Energy transition and climate change. A simple goal but a complex problem.
Climate change is happening, the science is clear and the world is reacting. The 2016 Paris Climate Agreement was a commitment signed by 196 nations to cut global emissions by 45% in the next 11 years to stop the planet warming to irreversible levels.
Energy transition and climate change are inextricably linked. The overwhelming contributor to global carbon emissions is the practice of burning fossil fuels to produce energy. The burning of coal increased dramatically in the 19th century as Western countries industrialized and it continues today as many developing economies follow the same path. In fact, oil, gas and coal still account for two-thirds of the world's energy consumption. Hence the need to accelerate the ongoing energy transition from traditional forms of energy to renewable energy sources. However, energy sources like oil and gas are deeply entrenched in the global system, and the transition to low carbon economies will have far-reaching implications. We spoke to leading experts who gathered at last year's 24th Credit Suisse Salon in Zurich, Switzerland, to explore some of the challenges and opportunities presented by energy transition.
A worldwide commitment to mitigate global warming
The key orchestrator of the Paris Agreement, Christiana Figueres, Former Executive Secretary of United Nations Framework Convention on Climate Change, talks to Dr. Manuel Rybach, Global Head of Public Affairs and Policy at Credit Suisse about the immediacy of the problem and what countries need to think about in order to meet the targets set out by the agreement.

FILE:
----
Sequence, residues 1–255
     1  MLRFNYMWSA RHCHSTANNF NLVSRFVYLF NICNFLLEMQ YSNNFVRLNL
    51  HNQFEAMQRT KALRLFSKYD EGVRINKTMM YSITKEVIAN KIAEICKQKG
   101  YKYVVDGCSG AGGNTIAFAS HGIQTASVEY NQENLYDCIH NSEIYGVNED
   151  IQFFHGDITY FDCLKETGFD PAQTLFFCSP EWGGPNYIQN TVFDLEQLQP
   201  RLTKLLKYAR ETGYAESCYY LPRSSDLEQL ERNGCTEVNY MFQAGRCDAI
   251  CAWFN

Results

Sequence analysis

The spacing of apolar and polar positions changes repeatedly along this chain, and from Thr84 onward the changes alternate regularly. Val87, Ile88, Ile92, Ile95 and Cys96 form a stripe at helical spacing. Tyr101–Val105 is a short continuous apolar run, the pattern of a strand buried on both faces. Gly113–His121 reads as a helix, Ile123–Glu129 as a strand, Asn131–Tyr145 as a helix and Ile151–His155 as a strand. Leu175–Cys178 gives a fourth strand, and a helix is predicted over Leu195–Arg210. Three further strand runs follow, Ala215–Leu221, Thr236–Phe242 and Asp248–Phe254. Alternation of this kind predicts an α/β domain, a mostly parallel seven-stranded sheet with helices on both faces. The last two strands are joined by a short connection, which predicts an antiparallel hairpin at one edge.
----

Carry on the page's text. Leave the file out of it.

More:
An energy transition success story
JB Straubel is a man who has already solved the transition to zero carbon emissions for a product that is notoriously pollutant, the motor car. As Co-founder of Tesla he pioneered the development of the electric vehicle and solved many of the issues that the industry said could not be done. We talk to him about the transformation of an industry and the potential for new battery technology in a lower carbon world.
The implications of energy transition
As global incomes rise and economies develop, the demand for energy continues. Christof Rühl, Senior Fellow at the Mossavar-Rahmani Center for Business and Government at the Harvard Kennedy School remains cautious about how quickly the world can move to cleaner sources of energy without restricting the economic development needed to lift people out of poverty. He talks to us about the issues around intermittency and energy diversity and the need to be more realistic about what is achievable.
The way forward
A full global de-carbonization shift in the mid-term appears unlikely, but there is broad agreement that we need to work towards this goal as it is clearly in everyone's interests in the long term. However what is clear is that the transition is complex and also different to previous energy transitions (from wood to coal and coal to oil and gas). We are still in the nascent stages of rolling out the technology needed for a full transition to clean energy, so we are faced with decisions that do not yet make full economic sense. The transition will need to be driven far more by behavior change and guided by government policy than we have ever seen before.